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Heart MRI Scan

Every year, heart disease kills more people than all forms of cancer combined. 

That’s why early detection is so important. The earlier a problem is detected, the easier it is to treat.

One of the best ways to detect heart problems early is through an MRI scan. In addition, a heart MRI scan can help identify problems with your heart that might not be detectable with other tests.

How Do Cardiac (Heart) MRI Scans Work?

A cardiac MRI scan is a noninvasive medical imaging procedure that produces high-quality images of the heart and its surrounding structures. The procedure uses a powerful magnetic field and radio waves to create detailed pictures of the heart. Cardiac MRI scans are often used to evaluate the size and function of the heart. Also, it assesses the severity of certain conditions. These include heart attack, congestive heart failure, and cardiomyopathy. The procedure is generally well tolerated, but some people may experience claustrophobia or anxiety due to the confined space inside the MRI machine.

Why Might You Need a Cardiac MRI?


Your doctor may recommend a cardiac MRI if you have symptoms that suggest you may have a heart condition, such as chest pain or shortness of breath. Cardiac MRI may also be recommended if you have been diagnosed with a heart condition. Your doctor wants to get more information about the extent of the damage or how well your heart is functioning.

Cardiac MRI is often used to assess the severity of heart conditions such as:

  • Heart attack: You may have a heart attack if the blood flow to your heart is blocked. It can happen if a blood clot forms in one of the coronary arteries, which supply blood to your heart.
  • Cardiomyopathy: This is a general term for a disease that weakens and enlarges your heart. There are several types of cardiomyopathy. These include dilated cardiomyopathy, hypertrophic cardiomyopathy, and restrictive cardiomyopathy.
  • Congestive heart failure: This condition occurs when your heart can’t pump blood effectively. Various conditions can cause congestive heart failure. These include coronary artery disease, valvular heart disease, and cardiomyopathy.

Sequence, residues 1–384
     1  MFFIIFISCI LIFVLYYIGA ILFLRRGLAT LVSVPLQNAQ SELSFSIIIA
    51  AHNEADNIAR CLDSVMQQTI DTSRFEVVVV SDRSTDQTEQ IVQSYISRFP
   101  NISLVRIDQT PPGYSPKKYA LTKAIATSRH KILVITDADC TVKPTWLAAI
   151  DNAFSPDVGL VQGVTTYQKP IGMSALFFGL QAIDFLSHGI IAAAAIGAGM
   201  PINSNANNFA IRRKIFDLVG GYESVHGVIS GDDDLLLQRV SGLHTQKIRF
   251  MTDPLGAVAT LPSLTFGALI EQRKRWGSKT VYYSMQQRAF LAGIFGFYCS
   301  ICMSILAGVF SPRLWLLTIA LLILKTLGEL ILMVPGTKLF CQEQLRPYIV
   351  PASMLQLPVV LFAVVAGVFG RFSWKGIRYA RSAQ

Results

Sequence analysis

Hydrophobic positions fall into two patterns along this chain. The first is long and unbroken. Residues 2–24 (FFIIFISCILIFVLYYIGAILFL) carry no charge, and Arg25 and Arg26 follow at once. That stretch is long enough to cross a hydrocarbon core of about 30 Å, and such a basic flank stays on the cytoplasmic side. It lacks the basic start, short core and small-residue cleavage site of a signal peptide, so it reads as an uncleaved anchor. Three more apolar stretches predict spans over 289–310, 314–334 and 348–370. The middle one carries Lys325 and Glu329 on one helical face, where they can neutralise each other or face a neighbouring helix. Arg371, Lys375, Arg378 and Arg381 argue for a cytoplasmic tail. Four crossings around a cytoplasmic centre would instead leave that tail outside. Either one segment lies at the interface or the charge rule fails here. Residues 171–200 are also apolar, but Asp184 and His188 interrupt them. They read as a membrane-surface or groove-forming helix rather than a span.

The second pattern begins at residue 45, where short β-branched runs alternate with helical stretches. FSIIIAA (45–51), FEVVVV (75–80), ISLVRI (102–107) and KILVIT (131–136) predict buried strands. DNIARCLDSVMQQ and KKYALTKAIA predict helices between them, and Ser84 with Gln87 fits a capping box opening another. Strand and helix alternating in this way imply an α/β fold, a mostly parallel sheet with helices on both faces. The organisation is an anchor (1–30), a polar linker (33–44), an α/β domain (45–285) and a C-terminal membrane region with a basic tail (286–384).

How To Prepare for Your Cardiac MRI?


You don’t need to do anything special to prepare for a cardiac MRI. You can eat and drink normally and take your usual medications.

You’ll need to let your doctor know if you have an artificial joint, such as a hip or knee joint. Metal objects can interfere with the magnetic field used in MRI, so you need to remove them before the scan.

You will wear a hospital gown during the procedure. You’ll also need to remove any jewellery, glasses, or other metal objects you’re wearing.

What To Expect From an MRI Scan of Your Heart



During the Scan

You’ll lie on a table that slides into the MRI machine. Next, a device called a coil will be placed around your heart. The coil helps to focus the magnetic field on your heart and produces clearer images.

You’ll be asked to hold your breath for short periods while taking the images. It helps to reduce blurring.

The MRI machine makes loud thumping and humming noises. You’ll be given earplugs or headphones to help block out the noise.

The procedure usually takes 30-60 minutes, but it may take longer if you have multiple scans or if your heart rate is very slow.

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After the Scan

You can go about your normal activities after the procedure. There’s no recovery time required.

If you had contrast material injected into your vein, we suggest you drink plenty of fluids for 24 hours to help flush it out of your system.

You should call your doctor if you have any problems, such as shortness of breath, chest pain, or an irregular heartbeat.

It may take a few days for the images to be analyzed and interpreted by a radiologist. Your doctor will discuss the results with you at your follow-up appointment.




What Are the Benefits of an MRI Scan of the Heart?


There are several benefits of MRI scanning of the heart, including:

  • It doesn’t use ionizing radiation: Unlike other imaging tests, such as computed tomography (CT) scans, MRI doesn’t use ionizing radiation. This means that it’s safe for pregnant women and children.
  • It produces clear images: MRI provides clear and detailed images of the heart and surrounding structures. This allows your doctor to make an accurate diagnosis.
  • You can use it to assess a variety of conditions: MRI can be used to assess a variety of heart conditions, including heart attacks, cardiomyopathy, and congestive heart failure.
  • It’s noninvasive: MRI is a noninvasive procedure. It means that there’s no need for surgery or recovery time.


What Are the Risks of an MRI Scan of the Heart?


There are no known risks associated with MRI scanning of the heart. However, if you have a pacemaker or other implanted device, you should not have an MRI scan. This is because the magnetic field used in MRI can interfere with the devices.

In very rare cases, people may have an allergic reaction to the contrast material used in MRI. This can cause symptoms such as hives and difficulty breathing. If you have a history of allergies, your doctor will likely give you medication to prevent a reaction.